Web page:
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Denial, Bargain, Acceptance: How Far-Right Ideas Took Root in The Conservative Doctrine


Denial, Bargain, Acceptance: How Far-Right Ideas Took Root in The Conservative Doctrine


Cover photo: ©Maryam Ashrafi

Cover photo

© Maryam Ashrafi

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When Norwegian neo-Nazi terrorist Anders Behring Breivik carried out the Oslo and Utøya attacks on July 22, 2011, resulting in the death of 77 people, he expected his fellow “nationalist brothers and sisters” to immediately follow him.

It was a call to arms, after all.

The massacre itself was a twisted product launch for his sprawling 1,518-page manifesto. The tract is part operational—aiming to inspire and guide future terrorists—and part ideological. The contents of which are heavily plagiarized from a vast array of far-right sources, above all from the loose network of Islamophobic bloggers and websites that grew influential in the wake of 9/11, branding themselves as the “counter-jihad movement.”

The attacker’s main thesis is that so-called “cultural Marxists” have turned Western societies into oppressive “multiculturalist regimes” by infiltrating schools, institutions, and the media; destroying traditional Western values and dismantling European culture.

The terrorist believed that there were no peaceful options left to reverse the course: in his own words, “the democratic struggle achieves nothing.” Only an armed revolution could overthrow these regimes. To take back control of their countries, “cultural conservatives” like himself must get rid of the “traitors” that allowed the “sneak Islamization” of Europe.

Yet, in the attack’s immediate aftermath, the call to arms went largely unanswered. To the contrary, the European far-right actively rejected Breivik and his actions.

Siv Jensen, then leader of the Norwegian Progress Party—wherein Breivik had been an active member—railed against the “horrible and cowardly” attacks, which she deemed as a “national tragedy.” Other far-right leaders across Europe acted in the same way, decrying the terrorist as a “monster,” a “madman,” or a “mass murderer.”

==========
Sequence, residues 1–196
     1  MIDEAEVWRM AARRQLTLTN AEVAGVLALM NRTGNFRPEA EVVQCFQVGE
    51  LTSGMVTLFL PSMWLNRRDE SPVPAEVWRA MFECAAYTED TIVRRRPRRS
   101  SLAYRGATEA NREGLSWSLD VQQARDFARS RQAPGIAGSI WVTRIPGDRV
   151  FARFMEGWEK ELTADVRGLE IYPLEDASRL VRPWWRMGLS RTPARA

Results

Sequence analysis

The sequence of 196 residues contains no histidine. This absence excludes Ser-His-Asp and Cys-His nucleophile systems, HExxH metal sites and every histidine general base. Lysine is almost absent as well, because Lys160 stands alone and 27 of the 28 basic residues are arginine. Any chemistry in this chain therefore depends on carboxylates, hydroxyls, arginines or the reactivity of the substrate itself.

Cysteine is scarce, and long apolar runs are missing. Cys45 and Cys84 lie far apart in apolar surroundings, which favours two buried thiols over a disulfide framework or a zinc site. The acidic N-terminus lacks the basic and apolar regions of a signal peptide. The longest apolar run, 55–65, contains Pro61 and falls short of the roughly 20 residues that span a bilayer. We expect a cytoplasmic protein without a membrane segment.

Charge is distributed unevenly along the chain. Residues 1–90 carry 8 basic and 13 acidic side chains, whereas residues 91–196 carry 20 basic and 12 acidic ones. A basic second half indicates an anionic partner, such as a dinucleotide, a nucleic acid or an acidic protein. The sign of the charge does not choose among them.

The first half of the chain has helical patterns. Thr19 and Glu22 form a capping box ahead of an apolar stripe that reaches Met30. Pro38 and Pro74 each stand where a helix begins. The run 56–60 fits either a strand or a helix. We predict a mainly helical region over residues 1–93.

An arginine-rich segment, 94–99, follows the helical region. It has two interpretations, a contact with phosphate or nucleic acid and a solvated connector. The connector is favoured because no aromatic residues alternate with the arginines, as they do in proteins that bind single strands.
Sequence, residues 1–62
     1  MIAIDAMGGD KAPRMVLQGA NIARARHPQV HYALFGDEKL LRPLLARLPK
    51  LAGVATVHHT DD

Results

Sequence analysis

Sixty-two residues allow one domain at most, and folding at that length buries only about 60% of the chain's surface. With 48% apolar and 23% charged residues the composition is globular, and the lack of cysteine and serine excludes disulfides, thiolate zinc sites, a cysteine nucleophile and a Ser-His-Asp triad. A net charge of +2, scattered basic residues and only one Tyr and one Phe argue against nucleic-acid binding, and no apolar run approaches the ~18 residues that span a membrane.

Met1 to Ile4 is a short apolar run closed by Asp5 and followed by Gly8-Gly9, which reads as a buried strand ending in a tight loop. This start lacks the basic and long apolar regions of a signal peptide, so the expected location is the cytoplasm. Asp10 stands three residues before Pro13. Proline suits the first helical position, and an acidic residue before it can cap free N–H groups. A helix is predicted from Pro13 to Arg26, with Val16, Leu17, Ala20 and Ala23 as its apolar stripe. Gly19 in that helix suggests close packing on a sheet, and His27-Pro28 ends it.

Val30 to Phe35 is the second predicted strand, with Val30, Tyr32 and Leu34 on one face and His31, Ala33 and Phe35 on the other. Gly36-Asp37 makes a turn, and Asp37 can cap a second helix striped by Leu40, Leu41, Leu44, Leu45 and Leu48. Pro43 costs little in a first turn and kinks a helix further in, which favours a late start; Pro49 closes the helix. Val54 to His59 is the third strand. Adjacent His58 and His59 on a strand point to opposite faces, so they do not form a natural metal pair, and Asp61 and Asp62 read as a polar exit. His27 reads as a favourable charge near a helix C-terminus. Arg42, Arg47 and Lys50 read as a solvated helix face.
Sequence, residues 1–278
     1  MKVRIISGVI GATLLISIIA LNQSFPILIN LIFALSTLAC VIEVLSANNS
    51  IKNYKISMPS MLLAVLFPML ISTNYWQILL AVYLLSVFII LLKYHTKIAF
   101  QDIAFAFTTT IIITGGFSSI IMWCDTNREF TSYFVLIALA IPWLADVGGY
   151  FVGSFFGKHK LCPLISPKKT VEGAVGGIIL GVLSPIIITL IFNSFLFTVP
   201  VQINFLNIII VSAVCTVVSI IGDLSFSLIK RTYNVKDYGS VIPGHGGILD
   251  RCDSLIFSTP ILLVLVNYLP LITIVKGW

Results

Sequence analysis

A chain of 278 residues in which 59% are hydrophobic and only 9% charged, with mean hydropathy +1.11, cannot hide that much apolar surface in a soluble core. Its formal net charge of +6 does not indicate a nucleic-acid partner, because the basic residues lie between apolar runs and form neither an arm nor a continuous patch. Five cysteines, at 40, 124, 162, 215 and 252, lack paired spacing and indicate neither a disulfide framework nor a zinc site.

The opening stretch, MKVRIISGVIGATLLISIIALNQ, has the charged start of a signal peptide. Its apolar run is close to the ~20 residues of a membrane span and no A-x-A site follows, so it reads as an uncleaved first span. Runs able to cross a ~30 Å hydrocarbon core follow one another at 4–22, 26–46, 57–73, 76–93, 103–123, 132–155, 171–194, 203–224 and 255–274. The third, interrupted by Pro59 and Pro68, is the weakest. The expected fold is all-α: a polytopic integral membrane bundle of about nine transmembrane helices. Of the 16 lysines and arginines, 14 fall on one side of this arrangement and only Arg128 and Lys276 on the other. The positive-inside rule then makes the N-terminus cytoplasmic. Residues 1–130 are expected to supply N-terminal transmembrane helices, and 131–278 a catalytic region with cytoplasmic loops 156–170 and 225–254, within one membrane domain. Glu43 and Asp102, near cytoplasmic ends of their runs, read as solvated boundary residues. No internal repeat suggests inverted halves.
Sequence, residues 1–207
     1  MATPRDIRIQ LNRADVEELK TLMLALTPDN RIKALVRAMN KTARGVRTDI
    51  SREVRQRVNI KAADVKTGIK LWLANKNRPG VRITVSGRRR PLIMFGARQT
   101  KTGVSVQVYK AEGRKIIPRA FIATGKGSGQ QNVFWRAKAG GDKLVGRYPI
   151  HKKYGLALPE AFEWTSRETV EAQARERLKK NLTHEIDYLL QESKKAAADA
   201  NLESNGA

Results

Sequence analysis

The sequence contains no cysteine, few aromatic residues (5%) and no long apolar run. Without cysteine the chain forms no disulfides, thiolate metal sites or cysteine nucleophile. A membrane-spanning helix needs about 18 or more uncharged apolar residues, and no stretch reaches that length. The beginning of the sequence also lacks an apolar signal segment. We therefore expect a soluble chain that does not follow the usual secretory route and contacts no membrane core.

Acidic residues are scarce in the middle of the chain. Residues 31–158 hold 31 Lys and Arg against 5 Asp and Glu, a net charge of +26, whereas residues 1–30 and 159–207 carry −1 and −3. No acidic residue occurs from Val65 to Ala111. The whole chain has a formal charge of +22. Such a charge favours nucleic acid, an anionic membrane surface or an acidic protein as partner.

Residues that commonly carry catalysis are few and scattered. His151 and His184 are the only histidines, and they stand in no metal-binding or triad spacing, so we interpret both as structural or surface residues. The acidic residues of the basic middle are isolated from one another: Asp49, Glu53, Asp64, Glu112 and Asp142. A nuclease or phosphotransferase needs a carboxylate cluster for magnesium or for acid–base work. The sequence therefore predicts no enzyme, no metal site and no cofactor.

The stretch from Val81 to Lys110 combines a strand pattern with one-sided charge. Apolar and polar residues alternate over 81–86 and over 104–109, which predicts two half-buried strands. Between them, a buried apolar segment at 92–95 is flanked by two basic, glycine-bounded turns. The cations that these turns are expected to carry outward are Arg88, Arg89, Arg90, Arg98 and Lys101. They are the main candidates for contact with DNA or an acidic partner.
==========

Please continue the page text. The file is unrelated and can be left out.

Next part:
Even Brevik’s primary source of ideological influence—the Norwegian Islamophobic blogger Peder “Fjordman” Jensen—vehemently condemned the attacks: “I don’t wish to be associated with Breivik and his horrible actions,” he said in an interview with the Norwegian daily newspaper VG. And continued: “He showed an extreme brutality that’s completely incomprehensible, and he must have believed he was part of a computer game where he was the superhero.”

An estimated 200,000 people attended the Flower march in downtown Oslo, Norway, on Monday, July 25th 2011 in the aftermath of the 2011 Norway attacks.

While most of the organized far-right quickly distanced itself from the attacks, there were some notable exceptions in the broader right-wing milieu. Jacques Coutela, a member of France’s Front National party (now Rassemblement National), hailed Breivik in his blog as “the main defender of the West,” comparing him to Charles Martel, a seventh-century leader who successfully defeated the invading Muslim forces of the Umayyad Caliphate in the Battle of Poitiers.

An Italian MEP, Mario Borghezio of the Northern League (now League) party, told a radio station that “some of the ideas [Breivik] expressed are good, barring the violence. Some of them are great.” In the same interview, he also lauded the terrorist’s “opposition to Islam and his explicit accusation that Europe has surrendered before putting up a fight against its Islamicisation.”

Both Borghezio and Coutela were intensely criticized even inside their parties, and the latter was eventually suspended from the National Front. But underneath the outrage emerged an inescapable truth: Breivik’s ideas were not born out of thin air; they were deeply ingrained in modern far-right ideology, though few recognized or dared to admit it.

Those ideas are not marginal anymore. Back then, they were “considered on the margins of discourse,” according to Paul Greengrass, the British director of July 22, a movie that recounts and dramatizes the massacre and Breivik’s subsequent trial.

But today, cautioned Greengrass, “what [Breivik] said, that’s mainstream, that’s populist right-wing rhetoric. The intellectual framework is the same and it has moved into the mainstream.”

Four far-right waves

Over a decade later, signs of the radicalization of public discourse are all over the place.

The “Cultural Marxism” conspiracy theory, a centerpiece of Breivik’s patchwork ideology, has been increasingly mentioned by respectable right-wing politicians on both sides of the Atlantic. The same happened to the “Great Replacement,” a racist and antisemitic conspiracy theory that accuses “the Left” and/or “the élites” of diluting the “indigenous population” (meaning the “white race”) through immigration, which is now an integral part of right-wing propaganda. In Italy, Prime Minister Giorgia Meloni has repeatedly promoted the theory for years, earning the not-so-flattering title of “first Western European leader to espouse the great replacement theory.”